On Sunday, June 14, you can hear the bright, lively, and large sounds of Big Band Ottawa for free at Westfest. They'll be playing at noon at Athlone Avenue and Richmond Road in Westboro.
On Friday, June 19, veteran Ottawa saxophonist Mike Tremblay records his next CD, live in a concert at GigSpace. He'll be performing with guitarist Tim Bedner (a frequent musical partner at the Carleton University Jazz Camp), and up-and-coming young bassist Ben Heard. Tremblay is one of the busiest musicians and educators in Ottawa, playing in everything from the Rob Frayne Dream Band, to intimate duos and trios, to NAC Pops concerts. In 2009, he co-released his first CD, Home, together with his long-time friend and collaborator Mark Ferguson.
Also on Friday, Southminster United Church, which regularly presents jazz in its weekly noon-hour concerts, will bring back the Mark Ferguson Trio for an evening concert. The trio will be performing as part of an concert featuring the Ottawa Folklore Centre's Community Choir – who will also include jazz and gospel standards in its programme, along with pop songs and Jacques Brel/Edith Piaf chanson.
The trio (with Ferguson on piano, John Geggie on double bass, and Scott Latham on vibraphone) performed in March at GigSpace, and a slightly different version (with guitarist Roddy Ellias replacing Geggie) was showcased in April at Southminster. That noon-hour concert, featuring standards and originals, received enthusiastic applause from the audience.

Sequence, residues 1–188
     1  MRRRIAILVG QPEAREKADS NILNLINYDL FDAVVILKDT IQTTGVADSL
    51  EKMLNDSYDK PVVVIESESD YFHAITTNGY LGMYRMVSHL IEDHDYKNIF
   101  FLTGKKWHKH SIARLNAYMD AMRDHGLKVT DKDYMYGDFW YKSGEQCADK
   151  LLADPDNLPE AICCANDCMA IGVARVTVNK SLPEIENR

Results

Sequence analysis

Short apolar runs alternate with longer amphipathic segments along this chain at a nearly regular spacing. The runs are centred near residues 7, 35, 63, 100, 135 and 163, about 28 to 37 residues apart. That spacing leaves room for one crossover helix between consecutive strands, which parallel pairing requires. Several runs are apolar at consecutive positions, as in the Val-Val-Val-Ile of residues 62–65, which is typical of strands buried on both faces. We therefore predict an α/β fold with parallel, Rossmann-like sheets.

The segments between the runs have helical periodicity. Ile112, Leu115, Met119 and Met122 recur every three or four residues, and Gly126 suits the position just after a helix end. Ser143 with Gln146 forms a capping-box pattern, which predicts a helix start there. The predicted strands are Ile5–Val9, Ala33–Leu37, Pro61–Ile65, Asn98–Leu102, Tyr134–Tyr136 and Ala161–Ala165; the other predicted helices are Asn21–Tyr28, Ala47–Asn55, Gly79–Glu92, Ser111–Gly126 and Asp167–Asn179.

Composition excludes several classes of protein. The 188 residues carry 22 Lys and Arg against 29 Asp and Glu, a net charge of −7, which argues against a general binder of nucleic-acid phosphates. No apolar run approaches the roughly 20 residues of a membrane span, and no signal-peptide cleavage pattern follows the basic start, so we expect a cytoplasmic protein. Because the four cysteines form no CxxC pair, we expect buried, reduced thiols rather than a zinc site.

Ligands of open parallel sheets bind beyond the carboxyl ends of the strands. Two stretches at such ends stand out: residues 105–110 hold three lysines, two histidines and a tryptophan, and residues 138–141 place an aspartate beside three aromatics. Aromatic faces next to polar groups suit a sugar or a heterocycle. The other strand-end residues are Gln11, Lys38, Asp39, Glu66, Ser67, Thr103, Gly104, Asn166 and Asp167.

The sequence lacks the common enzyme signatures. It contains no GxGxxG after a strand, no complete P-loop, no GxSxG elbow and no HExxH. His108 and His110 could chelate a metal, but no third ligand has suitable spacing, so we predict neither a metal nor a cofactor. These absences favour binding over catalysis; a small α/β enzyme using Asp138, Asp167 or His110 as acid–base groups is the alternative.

From June 19 to 21, the Jivewires return to the Italian Week Festival, again playing free evening shows in front of Pub Italia on Preston Street. On a sunny June evening, there are few better ways to cheer yourself up than to listen to Steve Berndt belt out jumpin' jive classics, backed up with one of the liveliest horn and rhythm sections in town. The Jives are perennial favourite at Italian Week: expect originals from their just-released CD and music from the 40s and 50s by composers like Cab Calloway and (in honour of the festival) Louis Prima.
On Saturday, June 20, the JazzN.ca house concert series based in Mississippi Mills presents Toronto vocalist Melissa Boyce and her trio, playing “soulful blues, sensual Latin interpretations and warm traditional jazz”. The concert is sold out, but JazzN.ca does have a wait-list.